So, when we got a chance to stretch the car's legs again, we overtook the cars ahead.
Yes Anika, that's what really happened. Honest.
A revolution in technology
At this point, we've already tried out the Torque Vectoring System and the Blind Spot Information System. But wait, there's more.
You see, the Focus comes with two more technological firsts in the class. The first one is Active Park Assist.
During a little demonstration and exercise after lunch, we let the Focus aid us by parallel parking in some tight spots. The system (which works off of the sensors around the bumpers) detects an empty parking slot; particularly looking for a space that's just 20% longer than the car itself, according to Chris Harrigan, the Driver Assistance Technologies Supervisor for Ford APA.
All the driver has to do once the system detects a spot is let go of the wheel, engage reverse and control the throttle. He/she can then beam with pride as the Focus steers itself into the slot, performing what is undoubtedly the coolest party trick in its class.
It's not done yet, however, as the Focus also has another neat trick with Active City Stop. In low speed situations (30 km/h or slower), the Focus will detect if a rear-end collision is imminent with the car in front and automatically stop the car. The system works off of LIDAR detectors to scan the distance of the car ahead by monitoring at least three standard reflectors: the two taillights and the license plate.
One thing we were really eager to try out was Ford SYNC; a technology we got acquainted with in the new Explorer. SYNC allows full and seamless integration with nearly every mobile device whether it be an iPod, Android phone, iPhone and other gadgets.
The technology, developed in conjunction with Microsoft, also allows the system to recognize voice commands. Big deal, you say? Well consider the fact that the SYNC system in the Focus allows the driver (or passengers) to speak casually without having to overemphasize or enunciate every syllable, I'd say that's significant.
Admittedly, the engineers said that the system will be challenged if the speaker has a strong foreign accent when speaking English. Ford is currently working on ways to expand the systems capability to account for this, as well as offer foreign language support.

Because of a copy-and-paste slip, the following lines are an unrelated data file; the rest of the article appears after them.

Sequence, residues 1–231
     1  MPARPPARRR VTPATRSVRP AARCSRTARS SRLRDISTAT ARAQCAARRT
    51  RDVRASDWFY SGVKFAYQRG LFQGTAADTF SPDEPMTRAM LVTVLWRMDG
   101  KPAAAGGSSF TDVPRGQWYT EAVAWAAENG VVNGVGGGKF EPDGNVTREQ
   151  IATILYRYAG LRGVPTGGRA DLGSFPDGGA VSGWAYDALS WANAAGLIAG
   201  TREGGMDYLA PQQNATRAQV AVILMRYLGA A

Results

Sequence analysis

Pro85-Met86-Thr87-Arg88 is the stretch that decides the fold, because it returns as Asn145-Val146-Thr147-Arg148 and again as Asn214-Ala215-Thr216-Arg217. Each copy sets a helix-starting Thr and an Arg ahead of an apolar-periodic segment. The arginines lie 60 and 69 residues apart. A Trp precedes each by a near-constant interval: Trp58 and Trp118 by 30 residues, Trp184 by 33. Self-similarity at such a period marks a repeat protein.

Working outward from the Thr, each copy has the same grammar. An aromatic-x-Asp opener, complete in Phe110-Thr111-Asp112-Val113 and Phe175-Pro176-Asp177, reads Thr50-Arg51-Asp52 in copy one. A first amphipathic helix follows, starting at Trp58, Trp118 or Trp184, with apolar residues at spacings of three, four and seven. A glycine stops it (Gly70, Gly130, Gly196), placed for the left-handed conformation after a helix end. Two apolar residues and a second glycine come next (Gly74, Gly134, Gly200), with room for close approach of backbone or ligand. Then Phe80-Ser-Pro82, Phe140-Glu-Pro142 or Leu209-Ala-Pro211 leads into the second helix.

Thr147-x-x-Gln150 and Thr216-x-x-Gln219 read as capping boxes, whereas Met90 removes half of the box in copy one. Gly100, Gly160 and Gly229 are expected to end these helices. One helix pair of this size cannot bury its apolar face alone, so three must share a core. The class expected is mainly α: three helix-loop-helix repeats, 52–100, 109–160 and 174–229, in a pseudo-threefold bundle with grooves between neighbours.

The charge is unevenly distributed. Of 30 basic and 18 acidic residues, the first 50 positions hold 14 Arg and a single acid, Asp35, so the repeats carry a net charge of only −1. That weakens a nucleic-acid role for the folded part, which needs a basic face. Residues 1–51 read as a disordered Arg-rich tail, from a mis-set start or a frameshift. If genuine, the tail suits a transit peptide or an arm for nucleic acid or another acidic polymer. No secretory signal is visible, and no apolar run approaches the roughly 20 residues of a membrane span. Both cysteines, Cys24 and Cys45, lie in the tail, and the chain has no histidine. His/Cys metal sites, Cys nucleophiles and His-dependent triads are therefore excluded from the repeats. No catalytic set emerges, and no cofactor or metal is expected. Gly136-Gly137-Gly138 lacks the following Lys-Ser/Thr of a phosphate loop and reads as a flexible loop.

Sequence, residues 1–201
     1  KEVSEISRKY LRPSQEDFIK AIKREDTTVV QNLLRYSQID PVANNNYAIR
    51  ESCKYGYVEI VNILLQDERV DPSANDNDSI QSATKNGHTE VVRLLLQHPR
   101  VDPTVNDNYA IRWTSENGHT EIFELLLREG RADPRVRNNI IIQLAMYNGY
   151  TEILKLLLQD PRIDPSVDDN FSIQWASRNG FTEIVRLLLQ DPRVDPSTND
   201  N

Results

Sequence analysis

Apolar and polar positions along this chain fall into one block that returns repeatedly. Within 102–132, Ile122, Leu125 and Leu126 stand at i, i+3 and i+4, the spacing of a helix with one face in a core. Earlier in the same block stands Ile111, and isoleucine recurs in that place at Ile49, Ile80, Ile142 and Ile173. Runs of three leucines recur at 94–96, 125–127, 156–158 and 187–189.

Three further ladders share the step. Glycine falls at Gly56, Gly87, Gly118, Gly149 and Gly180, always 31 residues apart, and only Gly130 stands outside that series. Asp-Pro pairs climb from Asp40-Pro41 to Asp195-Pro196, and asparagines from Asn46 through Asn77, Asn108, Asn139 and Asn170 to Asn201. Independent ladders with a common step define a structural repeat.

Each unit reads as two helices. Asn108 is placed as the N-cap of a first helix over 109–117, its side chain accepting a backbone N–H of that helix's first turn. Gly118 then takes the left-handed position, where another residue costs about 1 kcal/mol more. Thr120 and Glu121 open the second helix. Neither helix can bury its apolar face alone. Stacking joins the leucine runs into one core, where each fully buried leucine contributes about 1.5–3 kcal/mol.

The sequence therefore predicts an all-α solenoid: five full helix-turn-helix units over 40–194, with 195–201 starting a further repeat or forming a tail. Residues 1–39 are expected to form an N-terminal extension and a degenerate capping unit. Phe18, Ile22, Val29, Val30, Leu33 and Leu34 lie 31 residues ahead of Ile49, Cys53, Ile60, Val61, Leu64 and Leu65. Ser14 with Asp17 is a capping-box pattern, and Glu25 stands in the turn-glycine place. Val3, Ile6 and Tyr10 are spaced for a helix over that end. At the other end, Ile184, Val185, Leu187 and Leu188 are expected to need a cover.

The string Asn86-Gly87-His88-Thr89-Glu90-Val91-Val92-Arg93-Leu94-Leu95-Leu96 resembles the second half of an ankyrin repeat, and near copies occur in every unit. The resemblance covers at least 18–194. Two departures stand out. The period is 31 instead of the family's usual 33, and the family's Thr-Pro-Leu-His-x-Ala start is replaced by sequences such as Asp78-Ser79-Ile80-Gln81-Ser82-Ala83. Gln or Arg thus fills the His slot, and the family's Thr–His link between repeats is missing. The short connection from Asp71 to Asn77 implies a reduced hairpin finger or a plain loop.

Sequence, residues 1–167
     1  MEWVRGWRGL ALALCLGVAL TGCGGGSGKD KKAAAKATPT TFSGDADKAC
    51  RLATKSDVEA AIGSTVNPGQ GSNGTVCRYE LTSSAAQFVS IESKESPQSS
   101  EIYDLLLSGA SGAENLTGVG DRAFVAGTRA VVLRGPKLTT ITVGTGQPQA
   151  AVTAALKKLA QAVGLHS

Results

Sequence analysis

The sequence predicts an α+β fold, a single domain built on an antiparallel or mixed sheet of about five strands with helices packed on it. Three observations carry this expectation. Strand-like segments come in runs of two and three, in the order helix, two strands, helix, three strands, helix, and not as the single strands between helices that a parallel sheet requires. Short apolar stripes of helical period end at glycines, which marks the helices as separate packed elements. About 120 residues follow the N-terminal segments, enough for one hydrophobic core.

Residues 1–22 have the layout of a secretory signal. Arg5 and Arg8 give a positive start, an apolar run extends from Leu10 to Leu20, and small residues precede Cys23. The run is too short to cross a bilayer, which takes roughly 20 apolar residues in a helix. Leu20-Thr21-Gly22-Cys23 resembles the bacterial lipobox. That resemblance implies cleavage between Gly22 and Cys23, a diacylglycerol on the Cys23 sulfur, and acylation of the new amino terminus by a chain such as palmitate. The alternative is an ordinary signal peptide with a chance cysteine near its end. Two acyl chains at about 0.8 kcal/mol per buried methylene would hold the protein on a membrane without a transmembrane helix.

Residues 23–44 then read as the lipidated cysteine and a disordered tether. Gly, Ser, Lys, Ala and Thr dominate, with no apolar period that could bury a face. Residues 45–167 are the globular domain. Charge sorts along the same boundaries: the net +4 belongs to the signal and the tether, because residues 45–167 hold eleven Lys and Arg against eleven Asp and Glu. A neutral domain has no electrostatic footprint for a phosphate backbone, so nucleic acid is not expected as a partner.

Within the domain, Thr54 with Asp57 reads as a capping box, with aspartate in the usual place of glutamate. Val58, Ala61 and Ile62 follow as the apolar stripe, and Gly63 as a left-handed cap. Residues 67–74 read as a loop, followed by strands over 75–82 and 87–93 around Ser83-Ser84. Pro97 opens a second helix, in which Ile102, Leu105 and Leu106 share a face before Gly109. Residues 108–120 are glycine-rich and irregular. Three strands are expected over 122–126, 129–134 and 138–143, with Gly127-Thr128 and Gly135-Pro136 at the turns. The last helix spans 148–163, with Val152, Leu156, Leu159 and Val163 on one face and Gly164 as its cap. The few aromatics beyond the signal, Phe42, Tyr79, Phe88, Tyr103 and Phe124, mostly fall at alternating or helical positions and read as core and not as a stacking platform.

No problems for us in this car though, as SYNC recognized my voice commands and even played my favorite music after I said “Play Song Alapaap” and “Play Song Pare Ko”
The future in focus
We came into this drive at a trying time for Ford Philippines. For many of us in this business, it's heartbreaking to have to say goodbye to their Philippine manufacturing operations, after the production of the all-new Focus was awarded to Ford Thailand Manufacturing in Rayong. Sad as it is, this is business, not personal (I couldn't resist), and Ford Philippines -or any other company, for that matter- can't operate a plant without achieving reasonable economies of scale. It just doesn't justify the operating costs.
Nevertheless, Ford Philippines is working on seamlessly transitioning from a manufacturer/importer to just the latter. Even with the inevitable closure of the plant at Santa Rosa, Laguna, the company will be bringing in more models over the coming years than they've ever had before, especially with the upcoming Ford EcoSport.
Farewell... and see you soon
The first shipments of the Focus is set to arrive in the Philippines over the coming months, available in the usual colors like silver, white and black, with some quirky ones thrown in like Candy Red and Winning Blue. In the photos, you may notice a lime green variant, but that won't be available locally. Well, maybe not yet.
Prices range from PhP 859,000 for the 1.6L Ambiente 5MT to PhP 1,199,000 for both the Titanium+ and the Sport.
Honestly, I actually came into this drive thinking of the possibility that the 3rd generation Focus's level of tech could dilute the drive; numb it, the way other cars from more expensive brands have been.
All I know is, like at the end of a roller coaster ride, all I want to do is hop back onto the seat of the Focus -particularly the Sport- buckle up, and go for another drive on that mountain road.
The drive, the design, the tech and features of the new Focus stand as Ford's open challenge to the other brands. Forget the ante. They just went all in.
That's the kind of car they're bringing to the Philippines.